Lawrence Tucker-Gardiner is Cowater International’s Head of Risk (and Global Security) with over 20 years’ experience in the international development, government and humanitarian sectors. He has pioneered conflict sensitivity through analysis and integrated risk management approaches in project design globally. Lawrence is specialized in organizational analysis, leadership, and strategy and often in high-risk contexts, with wide-ranging experience in investigations, governance, and rule of law, training and capacity building.

Ulric Shannon, Director General, Peace and Stabilizaton Operations, at Global Affairs Canada, is a career diplomat in the Canadian foreign service who has specialized in stabilization and conflict issues, mainly in the Arab and Muslim worlds. He served as Canada’s ambassador to Iraq from 2019 to 2021, overseeing one of Canada’s largest development, humanitarian, stabilization, and military assistance programs anywhere in the world. His previous postings have included Egypt, the Palestinian Territories, Pakistan, and Turkey, where he served as Canada’s Consul General in Istanbul from 2016 to 2019. Following his time as ambassador in Iraq, Ulric served as the National Democratic Institute's Resident Senior Director for West Bank and Gaza while on leave from the Government of Canada. In August 2022 he was appointed Director General for Peace and Stabilization at Global Affairs Canada.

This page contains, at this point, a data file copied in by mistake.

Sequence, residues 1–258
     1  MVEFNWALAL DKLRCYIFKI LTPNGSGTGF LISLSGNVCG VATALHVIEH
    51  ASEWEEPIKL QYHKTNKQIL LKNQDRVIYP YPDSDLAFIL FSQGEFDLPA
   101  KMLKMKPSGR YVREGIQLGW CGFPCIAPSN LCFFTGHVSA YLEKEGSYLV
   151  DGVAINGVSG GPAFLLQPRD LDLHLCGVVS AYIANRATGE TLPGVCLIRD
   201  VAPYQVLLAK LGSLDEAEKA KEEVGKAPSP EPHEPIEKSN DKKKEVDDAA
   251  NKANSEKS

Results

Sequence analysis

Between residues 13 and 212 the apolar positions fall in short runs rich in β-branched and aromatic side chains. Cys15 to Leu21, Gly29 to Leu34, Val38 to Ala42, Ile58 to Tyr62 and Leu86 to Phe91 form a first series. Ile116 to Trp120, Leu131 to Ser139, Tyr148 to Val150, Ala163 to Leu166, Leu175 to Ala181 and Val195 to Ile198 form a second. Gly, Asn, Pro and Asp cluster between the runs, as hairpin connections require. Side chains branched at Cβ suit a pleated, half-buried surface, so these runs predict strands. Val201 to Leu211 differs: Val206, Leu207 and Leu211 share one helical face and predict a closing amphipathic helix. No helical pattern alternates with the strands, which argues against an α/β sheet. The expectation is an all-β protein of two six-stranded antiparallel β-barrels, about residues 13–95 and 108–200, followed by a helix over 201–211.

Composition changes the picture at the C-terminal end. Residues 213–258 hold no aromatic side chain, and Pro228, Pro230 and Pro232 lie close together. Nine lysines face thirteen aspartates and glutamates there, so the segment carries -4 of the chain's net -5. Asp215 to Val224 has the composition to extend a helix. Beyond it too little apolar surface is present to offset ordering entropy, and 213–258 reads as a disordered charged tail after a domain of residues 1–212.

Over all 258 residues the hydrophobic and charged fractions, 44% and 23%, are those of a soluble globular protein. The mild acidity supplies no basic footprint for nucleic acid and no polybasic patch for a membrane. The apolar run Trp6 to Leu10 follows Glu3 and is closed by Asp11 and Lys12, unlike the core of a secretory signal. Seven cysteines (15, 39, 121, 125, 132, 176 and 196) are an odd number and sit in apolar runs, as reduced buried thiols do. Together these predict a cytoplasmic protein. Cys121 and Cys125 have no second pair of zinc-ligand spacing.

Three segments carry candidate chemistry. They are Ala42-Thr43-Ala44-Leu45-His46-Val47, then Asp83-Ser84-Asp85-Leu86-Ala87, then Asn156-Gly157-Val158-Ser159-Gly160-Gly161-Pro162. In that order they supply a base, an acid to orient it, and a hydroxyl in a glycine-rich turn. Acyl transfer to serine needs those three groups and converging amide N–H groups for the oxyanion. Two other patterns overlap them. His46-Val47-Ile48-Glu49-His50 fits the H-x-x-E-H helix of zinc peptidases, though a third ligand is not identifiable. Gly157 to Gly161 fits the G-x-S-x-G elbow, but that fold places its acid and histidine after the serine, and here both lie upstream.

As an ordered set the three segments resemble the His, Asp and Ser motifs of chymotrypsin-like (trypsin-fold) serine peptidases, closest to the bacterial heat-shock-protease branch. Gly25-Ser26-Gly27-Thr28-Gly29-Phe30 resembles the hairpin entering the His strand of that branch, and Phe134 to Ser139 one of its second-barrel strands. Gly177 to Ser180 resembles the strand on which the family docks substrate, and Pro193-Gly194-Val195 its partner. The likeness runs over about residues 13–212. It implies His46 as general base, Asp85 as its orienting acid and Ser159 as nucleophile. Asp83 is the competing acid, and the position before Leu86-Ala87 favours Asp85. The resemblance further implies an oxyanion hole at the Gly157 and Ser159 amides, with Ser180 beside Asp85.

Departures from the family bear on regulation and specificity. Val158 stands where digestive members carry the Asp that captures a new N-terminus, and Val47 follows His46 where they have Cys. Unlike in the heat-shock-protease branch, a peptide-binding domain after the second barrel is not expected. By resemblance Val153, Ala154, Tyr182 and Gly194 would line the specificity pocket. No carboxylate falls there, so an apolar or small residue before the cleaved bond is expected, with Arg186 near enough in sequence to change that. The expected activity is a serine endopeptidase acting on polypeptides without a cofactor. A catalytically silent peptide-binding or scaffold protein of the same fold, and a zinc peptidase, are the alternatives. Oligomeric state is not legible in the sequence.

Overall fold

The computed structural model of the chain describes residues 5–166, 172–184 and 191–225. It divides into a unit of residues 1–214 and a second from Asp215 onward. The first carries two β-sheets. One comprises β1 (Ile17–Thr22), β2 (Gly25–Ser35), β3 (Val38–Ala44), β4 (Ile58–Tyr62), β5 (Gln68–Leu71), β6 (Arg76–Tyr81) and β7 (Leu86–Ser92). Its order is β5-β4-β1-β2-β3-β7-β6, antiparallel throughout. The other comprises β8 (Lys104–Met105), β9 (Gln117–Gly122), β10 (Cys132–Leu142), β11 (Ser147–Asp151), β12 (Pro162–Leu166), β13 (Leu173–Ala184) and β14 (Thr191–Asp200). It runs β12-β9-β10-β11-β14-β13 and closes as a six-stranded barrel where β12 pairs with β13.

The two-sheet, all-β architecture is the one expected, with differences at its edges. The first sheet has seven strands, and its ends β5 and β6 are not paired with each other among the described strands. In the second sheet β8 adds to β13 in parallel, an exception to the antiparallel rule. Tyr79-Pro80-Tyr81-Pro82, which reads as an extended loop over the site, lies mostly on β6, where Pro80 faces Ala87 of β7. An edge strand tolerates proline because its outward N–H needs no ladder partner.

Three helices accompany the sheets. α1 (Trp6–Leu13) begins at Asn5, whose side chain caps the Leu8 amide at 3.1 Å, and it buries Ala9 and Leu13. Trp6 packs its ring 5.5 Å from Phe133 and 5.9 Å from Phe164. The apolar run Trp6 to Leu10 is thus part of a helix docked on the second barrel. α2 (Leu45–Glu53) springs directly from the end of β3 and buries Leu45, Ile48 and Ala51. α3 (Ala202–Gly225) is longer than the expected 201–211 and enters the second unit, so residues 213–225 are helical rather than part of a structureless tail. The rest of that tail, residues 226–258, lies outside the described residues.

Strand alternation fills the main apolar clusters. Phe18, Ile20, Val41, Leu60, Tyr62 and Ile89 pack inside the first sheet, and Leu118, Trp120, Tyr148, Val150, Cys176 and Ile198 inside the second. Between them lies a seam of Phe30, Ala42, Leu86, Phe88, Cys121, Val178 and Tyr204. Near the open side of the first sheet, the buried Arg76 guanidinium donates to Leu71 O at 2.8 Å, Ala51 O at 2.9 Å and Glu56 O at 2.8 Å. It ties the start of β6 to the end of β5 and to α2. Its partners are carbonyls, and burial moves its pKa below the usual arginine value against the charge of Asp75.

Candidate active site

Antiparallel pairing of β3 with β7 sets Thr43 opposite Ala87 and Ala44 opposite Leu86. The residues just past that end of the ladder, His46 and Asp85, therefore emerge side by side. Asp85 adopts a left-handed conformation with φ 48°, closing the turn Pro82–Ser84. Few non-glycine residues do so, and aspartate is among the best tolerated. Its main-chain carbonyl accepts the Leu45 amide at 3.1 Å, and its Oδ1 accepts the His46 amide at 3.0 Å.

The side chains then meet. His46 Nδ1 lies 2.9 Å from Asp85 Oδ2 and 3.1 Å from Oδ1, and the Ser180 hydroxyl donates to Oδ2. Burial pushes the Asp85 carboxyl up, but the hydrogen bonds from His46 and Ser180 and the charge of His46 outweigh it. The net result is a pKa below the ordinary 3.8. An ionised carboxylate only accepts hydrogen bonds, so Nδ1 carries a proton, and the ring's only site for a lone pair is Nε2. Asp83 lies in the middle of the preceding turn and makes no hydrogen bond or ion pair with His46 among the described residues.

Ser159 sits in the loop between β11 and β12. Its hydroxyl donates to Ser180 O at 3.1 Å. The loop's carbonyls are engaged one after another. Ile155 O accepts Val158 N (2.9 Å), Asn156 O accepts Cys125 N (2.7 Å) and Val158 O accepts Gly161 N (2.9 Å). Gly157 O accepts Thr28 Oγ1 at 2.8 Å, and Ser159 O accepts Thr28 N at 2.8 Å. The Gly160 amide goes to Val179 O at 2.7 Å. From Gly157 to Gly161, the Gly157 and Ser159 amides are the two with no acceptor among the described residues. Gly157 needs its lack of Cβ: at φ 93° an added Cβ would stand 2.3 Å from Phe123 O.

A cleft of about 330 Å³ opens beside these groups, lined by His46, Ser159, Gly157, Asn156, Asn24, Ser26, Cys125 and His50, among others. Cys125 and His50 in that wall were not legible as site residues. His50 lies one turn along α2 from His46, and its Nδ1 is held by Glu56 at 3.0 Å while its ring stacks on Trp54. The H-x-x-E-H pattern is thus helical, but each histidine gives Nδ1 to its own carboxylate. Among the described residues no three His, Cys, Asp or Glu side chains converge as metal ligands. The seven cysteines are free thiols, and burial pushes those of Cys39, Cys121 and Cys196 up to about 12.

Charles Duff, is Vice President of Alinea International (Canada) and Managing Director of Alinea International (UK and Australia). With more than 30 years of experience implementing international development services for private and public sector clients worldwide, Charles leads Alinea’s programming in Ukraine, which includes six security sector reform and governance projects funded by GAC and FCDO and has managed programmes in conflict and post-conflict-affected regions/states in Iraq, Bosnia, Georgia, Macedonia, Armenia, Moldova, Azerbaijan, Estonia, Hungary, Latvia, Lithuania, Poland, Romania, Russian Federation, and Slovakia. An agricultural economist and rural livelihoods specialist, Charles previously led the global international development business of Palladium International Development and the European operating companies of Coffey International Development and Enterplan.

Dr Nipa Banerjee earned Doctorate and Master's degrees, specializing in development studies, from Toronto, Carleton (NPSIA) and McMaster Universities in Canada. She served as a practitioner and senior policy analyst in international development and foreign aid for over 35 years. She worked with Canadian Universities Services Overseas (CUSO), International Development Research Center (IDRC)  and 33 years in CIDA, Canada's ODA agency (now amalgamated with Global Affairs Canada). She represented Canada in Bangladesh, Indonesia, India/Nepal, Thailand, Cambodia, Laos and Afghanistan, heading Canada's aid program in the four latter countries. She is currently at the International Development and Global Studies Department and the Center for International Policy Studies (CIPS) at the University of Ottawa. She has been recognized for her work (research and analysis) on Afghanistan as a fragile state.